Yes left the stage, but as was to be expected, the audience called them back. They duly returned, a bit too early perhaps: the audience should feel like an encore is an achievement, even though everyone knows it´s planned. Anyway, Roundabout made for another sing-along-song, albeit somewhat more difficult than simply ``I´ve seen all good people turn their heads these days so satisfied I´m on my way´´ over and over again. Once more this wasn´t the Keys To Ascension-version: halfway in the song, Steve played the intro to Mind Drive, ironically enough a new song from Keys To Ascension II, but after a few seconds he cut it off and proceeded with Roundabout. During the last part of the song, Chris came playing right in front of me, and while I was jumping up and down, we looked straight into each other´s eyes for several seconds. He grinned when he saw me jumping even higher then.

Starship Trooper  
Second song of the encore, and certainly not the Keys To Ascension-version: Würm was implemented ``slightly different.´´ During Disillusion, it was Billy´s turn to take center stage, right in front of me. You´d suppose he´d be playing some kind of improvisation, right? Well, he just stood there and did nothing. Go back to the studio, boy! Luckily, Würm was something different: written by Steve Howe, turned into a synthesizer-masterpiece by Rick Wakeman on Keys To Ascension, it was altered again into was can doubtlessly be called The Chris Squire Version Of Starship Trooper. Overruling Igor and Steve (and Jon and Alan for that matter), Chris took off soloing again - right in front of me - rendering this last part of the concert unforgettable. When the song was over, and the Yes guys gave the public their last greetings, Chris Squire gave another example of his strength: after playing a whole concert on the knife´s edge, he was still able to lift his guitar high above his head (with one hand!) without showing any sign of weakness.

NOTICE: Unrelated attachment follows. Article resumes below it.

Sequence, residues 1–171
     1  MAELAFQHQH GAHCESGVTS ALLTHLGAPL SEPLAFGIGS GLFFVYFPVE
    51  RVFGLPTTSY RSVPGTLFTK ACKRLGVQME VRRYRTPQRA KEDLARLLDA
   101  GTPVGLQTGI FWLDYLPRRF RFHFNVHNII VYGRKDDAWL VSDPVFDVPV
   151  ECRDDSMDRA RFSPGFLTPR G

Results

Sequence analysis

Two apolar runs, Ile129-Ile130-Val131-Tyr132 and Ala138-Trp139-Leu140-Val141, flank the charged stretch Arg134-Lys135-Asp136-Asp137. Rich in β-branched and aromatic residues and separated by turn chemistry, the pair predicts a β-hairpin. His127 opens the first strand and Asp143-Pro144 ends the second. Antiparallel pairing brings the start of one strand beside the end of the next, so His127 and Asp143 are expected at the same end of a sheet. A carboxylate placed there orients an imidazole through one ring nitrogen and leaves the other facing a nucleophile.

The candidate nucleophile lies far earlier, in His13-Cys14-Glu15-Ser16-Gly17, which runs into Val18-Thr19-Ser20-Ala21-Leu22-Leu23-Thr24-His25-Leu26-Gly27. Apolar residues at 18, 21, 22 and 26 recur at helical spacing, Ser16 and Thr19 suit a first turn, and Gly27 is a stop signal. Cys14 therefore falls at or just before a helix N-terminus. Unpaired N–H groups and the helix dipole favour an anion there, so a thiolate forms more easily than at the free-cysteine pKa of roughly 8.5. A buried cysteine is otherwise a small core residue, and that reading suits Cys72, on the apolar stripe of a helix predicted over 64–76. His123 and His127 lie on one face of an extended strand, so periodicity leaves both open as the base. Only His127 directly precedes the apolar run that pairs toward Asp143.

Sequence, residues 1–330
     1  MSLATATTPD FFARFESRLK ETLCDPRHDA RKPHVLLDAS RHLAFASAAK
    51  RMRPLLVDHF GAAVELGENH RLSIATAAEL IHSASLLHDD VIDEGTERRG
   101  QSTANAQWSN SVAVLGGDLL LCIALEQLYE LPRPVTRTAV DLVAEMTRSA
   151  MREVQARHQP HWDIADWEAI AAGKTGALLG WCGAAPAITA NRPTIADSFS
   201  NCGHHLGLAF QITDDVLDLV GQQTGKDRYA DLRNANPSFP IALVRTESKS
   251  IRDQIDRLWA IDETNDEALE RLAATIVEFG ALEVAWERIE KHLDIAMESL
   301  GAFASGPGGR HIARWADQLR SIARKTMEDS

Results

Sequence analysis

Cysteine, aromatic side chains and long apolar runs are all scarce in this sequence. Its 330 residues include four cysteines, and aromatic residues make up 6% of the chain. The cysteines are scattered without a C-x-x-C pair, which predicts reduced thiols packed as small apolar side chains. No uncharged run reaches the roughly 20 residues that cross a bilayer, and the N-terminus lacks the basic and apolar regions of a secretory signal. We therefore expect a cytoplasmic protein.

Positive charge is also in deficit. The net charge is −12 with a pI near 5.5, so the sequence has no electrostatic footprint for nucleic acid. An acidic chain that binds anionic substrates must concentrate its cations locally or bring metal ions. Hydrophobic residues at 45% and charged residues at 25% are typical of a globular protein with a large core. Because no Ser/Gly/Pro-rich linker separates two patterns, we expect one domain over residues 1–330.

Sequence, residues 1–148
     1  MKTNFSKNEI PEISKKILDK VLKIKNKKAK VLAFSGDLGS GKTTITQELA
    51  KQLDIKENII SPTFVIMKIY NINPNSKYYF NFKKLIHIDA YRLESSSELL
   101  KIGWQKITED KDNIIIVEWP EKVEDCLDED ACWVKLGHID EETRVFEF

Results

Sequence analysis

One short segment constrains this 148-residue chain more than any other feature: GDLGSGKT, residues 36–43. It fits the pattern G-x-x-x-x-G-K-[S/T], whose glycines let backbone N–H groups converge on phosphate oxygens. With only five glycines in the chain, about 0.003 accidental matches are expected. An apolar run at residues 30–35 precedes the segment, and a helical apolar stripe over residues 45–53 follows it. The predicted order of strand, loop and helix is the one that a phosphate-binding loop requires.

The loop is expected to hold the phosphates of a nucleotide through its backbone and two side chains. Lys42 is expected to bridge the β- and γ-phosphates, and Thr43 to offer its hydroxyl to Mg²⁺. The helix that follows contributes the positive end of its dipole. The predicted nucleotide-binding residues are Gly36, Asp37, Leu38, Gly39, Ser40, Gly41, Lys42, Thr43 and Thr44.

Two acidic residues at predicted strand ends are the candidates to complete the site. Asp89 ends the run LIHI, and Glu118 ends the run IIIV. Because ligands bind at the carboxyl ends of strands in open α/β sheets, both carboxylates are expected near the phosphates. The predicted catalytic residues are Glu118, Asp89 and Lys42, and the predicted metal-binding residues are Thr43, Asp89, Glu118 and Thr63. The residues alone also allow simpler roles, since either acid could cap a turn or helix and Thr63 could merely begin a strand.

My overal impression: way too short - only 2 hours and 35 minutes.

 

Setlist

Firebird Suite
Siberian Khatru
Rythm Of Love
America
Open Your Eyes
And You And I
Heart Of The Sunrise
Steve Howe Solo:
Mood For A Day / Diary / Clap
Wonderous Stories
Igor Khoroshev Solo
Long Distance Runaround
Chris Squire Solo:
The Fish / Tempus Fugit / Ritual (Alan White Solo)/ Sound Chaser
Owner Of A Lonely Heart
The Revealing Science Of God
I´ve Seen All Good People

Roundabout
Starship Trooper